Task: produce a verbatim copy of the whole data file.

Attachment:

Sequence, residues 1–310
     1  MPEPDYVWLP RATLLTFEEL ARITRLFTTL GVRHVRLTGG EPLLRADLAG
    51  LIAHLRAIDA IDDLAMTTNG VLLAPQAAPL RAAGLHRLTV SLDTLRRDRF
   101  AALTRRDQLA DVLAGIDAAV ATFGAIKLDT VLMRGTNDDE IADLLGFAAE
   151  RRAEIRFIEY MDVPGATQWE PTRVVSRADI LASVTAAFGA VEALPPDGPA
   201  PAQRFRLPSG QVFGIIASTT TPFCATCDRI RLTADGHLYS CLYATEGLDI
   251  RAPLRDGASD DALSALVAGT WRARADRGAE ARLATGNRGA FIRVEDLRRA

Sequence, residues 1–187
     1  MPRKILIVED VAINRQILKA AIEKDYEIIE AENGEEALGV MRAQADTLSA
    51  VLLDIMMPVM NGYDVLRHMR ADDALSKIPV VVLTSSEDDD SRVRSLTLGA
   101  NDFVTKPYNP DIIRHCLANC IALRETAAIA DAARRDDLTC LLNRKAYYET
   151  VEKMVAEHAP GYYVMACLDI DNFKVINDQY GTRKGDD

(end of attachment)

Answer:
Sequence, residues 1–310
     1  MPEPDYVWLP RATLLTFEEL ARITRLFTTL GVRHVRLTGG EPLLRADLAG
    51  LIAHLRAIDA IDDLAMTTNG VLLAPQAAPL RAAGLHRLTV SLDTLRRDRF
   101  AALTRRDQLA DVLAGIDAAV ATFGAIKLDT VLMRGTNDDE IADLLGFAAE
   151  RRAEIRFIEY MDVPGATQWE PTRVVSRADI LASVTAAFGA VEALPPDGPA
   201  PAQRFRLPSG QVFGIIASTT TPFCATCDRI RLTADGHLYS CLYATEGLDI
   251  RAPLRDGASD DALSALVAGT WRARADRGAE ARLATGNRGA FIRVEDLRRA

Sequence, residues 1–187
     1  MPRKILIVED VAINRQILKA AIEKDYEIIE AENGEEALGV MRAQADTLSA
    51  VLLDIMMPVM NGYDVLRHMR ADDALSKIPV VVLTSSEDDD SRVRSLTLGA
   101  NDFVTKPYNP DIIRHCLANC IALRETAAIA DAARRDDLTC LLNRKAYYET
   151  VEKMVAEHAP GYYVMACLDI DNFKVINDQY GTRKGDD